President Barack Obama's selection of Federal Appeals Court Judge Sonia Sotomayor for the Supreme Court underscores his full-court-press "Latino strategy."
Fox News host Geraldo Rivera said Monday morning that Sotomayor's choice will make the Hispanic community "elated." Of course, he’s right.
Obama's political strategists also are elated.
The Sotomayor choice should be viewed through the prism of Obama's presidential quest in 2008, as well as in view of his plans for re-election in 2012.
Obama's Achilles' heel — and Republicans need to reflect on this — is the Hispanic vote.
During the heated Democratic primary with Hillary Clinton, Obama lost every state with a large Latino population. Hillary carried the Hispanic Democratic vote overwhelmingly.
By getting supermajorities of Hispanics, Hillary won every large state primary — with the exception of Obama's home state of Illinois.
What happened in Illinois is also instructive for background on the Sotomayor choice.
Exit polls taken during the Democratic primary there showed that Hispanics in Illinois went for Obama by 52 percent. Considering that Hillary had conceded the state to Obama — and she had put no resources there — Obama’s paltry victory was even more astounding considering he had been the state's popular Democratic senator and well known to Hispanic voters there.
Clearly, Hispanic voters preferred the conservative Democratic choice, Hillary. Even after he was "anointed" the winner by the major media, Hispanics continued to vote in droves for Hillary who took the Democratic contest all the way to the end of the primary season.
While Obama went on to win Hispanic voters nationwide in his general election contest with John McCain — Obama won the Latino vote by 67 percent to McCain’s 31 percent — he has to recognize that the Latino vote remains a major vulnerability for him.
A large crossover of Hispanic voters to the GOP in the 2004 election cost John Kerry the presidency and gave George W. Bush a second term. While McCain received just 31 percent in 2008, Bush snagged an amazing 44 percent of the Hispanic vote in 2004.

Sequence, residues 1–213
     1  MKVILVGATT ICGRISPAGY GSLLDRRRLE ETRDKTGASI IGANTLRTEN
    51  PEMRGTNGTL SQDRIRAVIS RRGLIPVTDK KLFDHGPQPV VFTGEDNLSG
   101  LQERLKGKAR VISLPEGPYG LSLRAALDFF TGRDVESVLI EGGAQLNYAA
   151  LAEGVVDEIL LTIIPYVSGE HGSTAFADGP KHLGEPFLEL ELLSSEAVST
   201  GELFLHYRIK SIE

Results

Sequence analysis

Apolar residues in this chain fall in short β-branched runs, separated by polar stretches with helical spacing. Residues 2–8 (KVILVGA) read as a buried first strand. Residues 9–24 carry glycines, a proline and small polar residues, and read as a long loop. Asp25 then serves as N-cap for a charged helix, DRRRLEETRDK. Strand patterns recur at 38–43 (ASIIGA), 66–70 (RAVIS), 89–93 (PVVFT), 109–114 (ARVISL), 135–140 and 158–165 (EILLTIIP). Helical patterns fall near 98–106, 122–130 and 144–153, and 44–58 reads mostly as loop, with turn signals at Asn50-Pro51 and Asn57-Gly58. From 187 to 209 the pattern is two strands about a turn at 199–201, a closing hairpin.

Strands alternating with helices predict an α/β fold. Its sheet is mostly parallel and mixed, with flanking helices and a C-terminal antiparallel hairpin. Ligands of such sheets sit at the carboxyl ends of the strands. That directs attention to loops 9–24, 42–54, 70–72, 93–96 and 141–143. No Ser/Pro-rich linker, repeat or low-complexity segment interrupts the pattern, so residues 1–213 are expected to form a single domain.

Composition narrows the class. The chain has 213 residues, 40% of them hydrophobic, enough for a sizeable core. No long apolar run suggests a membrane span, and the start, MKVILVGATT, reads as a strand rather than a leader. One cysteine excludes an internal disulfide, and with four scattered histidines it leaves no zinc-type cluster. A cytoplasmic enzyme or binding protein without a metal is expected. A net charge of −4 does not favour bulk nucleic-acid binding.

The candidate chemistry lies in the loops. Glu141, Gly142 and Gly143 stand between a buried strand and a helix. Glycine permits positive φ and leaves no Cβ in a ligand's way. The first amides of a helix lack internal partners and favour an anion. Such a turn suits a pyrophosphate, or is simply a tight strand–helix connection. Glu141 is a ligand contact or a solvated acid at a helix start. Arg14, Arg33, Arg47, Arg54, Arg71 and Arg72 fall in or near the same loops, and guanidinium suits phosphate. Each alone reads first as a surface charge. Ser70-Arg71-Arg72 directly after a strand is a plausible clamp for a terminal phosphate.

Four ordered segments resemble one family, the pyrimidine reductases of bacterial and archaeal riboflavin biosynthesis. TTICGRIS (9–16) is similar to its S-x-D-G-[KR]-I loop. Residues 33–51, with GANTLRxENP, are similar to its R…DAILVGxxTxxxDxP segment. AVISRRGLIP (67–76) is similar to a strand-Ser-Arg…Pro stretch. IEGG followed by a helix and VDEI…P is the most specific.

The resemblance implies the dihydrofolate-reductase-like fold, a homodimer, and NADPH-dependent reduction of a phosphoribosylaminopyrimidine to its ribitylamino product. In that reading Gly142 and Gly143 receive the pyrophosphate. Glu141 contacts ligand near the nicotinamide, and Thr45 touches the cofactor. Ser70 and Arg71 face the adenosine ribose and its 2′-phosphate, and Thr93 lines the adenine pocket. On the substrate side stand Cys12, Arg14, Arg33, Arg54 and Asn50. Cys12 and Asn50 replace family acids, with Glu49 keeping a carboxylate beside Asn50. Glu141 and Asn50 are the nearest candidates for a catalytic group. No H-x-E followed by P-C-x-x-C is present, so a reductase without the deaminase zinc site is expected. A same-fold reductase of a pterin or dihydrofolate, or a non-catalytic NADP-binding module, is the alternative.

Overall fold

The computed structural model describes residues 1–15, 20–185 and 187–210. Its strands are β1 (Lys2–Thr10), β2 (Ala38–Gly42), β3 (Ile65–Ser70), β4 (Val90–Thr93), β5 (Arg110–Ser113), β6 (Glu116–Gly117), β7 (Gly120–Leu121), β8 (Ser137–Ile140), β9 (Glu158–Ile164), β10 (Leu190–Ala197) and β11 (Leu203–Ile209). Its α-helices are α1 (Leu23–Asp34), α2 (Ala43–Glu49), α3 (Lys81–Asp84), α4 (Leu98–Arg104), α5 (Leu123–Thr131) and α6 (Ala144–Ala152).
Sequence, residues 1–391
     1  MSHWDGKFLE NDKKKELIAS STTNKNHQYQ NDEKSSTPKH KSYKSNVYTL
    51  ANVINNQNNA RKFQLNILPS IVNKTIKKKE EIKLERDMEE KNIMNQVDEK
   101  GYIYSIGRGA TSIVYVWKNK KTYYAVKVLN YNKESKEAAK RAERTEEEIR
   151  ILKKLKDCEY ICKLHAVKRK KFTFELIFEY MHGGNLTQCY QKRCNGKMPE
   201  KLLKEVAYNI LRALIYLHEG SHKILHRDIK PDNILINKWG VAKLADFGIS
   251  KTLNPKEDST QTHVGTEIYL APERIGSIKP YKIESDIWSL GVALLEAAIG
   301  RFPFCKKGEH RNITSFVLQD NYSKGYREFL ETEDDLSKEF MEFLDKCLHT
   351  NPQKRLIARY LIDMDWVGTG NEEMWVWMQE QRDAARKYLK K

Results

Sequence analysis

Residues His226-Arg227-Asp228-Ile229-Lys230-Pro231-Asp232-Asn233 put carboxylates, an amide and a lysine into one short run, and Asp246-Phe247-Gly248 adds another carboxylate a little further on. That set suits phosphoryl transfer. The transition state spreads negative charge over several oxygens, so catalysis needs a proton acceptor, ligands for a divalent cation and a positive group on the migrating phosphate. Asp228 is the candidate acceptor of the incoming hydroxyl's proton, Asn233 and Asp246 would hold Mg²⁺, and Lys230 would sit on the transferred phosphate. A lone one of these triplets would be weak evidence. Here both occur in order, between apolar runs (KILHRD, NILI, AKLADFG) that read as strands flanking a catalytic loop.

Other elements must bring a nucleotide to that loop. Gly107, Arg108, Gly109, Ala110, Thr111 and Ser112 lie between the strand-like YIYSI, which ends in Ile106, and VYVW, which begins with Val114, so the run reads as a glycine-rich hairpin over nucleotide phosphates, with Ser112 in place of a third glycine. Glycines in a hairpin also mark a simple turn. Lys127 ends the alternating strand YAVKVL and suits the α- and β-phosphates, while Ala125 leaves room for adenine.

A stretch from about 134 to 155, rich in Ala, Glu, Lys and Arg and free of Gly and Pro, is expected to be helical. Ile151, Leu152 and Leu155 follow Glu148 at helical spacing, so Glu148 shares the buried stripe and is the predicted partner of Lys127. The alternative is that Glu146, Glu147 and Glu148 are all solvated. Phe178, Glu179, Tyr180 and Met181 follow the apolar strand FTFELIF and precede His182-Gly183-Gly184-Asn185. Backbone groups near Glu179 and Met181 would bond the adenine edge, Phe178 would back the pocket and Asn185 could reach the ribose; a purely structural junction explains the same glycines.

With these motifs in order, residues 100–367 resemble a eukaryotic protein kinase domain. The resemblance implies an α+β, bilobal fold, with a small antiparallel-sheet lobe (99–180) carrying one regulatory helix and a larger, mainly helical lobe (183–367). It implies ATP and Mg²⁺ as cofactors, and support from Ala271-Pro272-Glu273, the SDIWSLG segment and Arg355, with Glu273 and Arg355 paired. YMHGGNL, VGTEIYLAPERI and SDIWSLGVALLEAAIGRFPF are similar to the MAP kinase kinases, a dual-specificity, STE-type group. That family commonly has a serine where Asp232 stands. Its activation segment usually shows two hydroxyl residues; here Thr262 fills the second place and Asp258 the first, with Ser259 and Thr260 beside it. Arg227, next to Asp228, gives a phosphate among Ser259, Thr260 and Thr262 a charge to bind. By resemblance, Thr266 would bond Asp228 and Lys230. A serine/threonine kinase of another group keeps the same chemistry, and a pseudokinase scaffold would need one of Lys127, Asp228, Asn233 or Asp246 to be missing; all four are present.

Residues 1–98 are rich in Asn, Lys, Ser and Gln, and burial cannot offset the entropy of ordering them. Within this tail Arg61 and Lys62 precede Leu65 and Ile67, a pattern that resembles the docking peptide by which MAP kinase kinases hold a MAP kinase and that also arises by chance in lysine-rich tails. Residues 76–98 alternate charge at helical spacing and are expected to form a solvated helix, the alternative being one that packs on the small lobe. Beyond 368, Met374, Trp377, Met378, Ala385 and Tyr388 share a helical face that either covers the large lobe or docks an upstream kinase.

Obama can't let that happen again if he wants to remain in the White House.
This is why he is not only selecting Sotomayor, but also moving aggressively on issues such as giving amnesty to illegal aliens. Estimates place the number of illegal aliens in the nation at over 12 million.
Obama has stated he wants to put them on the "path to citizenship" as soon as he can — and he has promised legislation this year that will make that happen.
He wants to not only win over Latino voters with such a move, but also create a new supermajority for the Democratic voters.
Even if his plans to help illegals get citizenship yields 500,000 new voters by 2012, he and his party will likely have a lock on the White House for another term. But in all likelihood, he can add millions of new Hispanic voters to the election rolls over the next few years.
For the moment Senate Republicans need to tread carefully in attacking Sotomayor, the first Latina Supreme Court nominee. Attacks on her will redound in Obama’s favor, increasing his chances to win in 2012.
As liberal as she is, save a major scandal, Republicans will likely need to hold their noses and avoid a street brawl over her nomination.
Instead, Republicans need a strategy to counter Obama’s, which is viewed positively by the Hispanic vote. Hispanics are key for Obama and the Democrats, but they are also key for the Republicans — if they want to avoid being a minority party for a generation.
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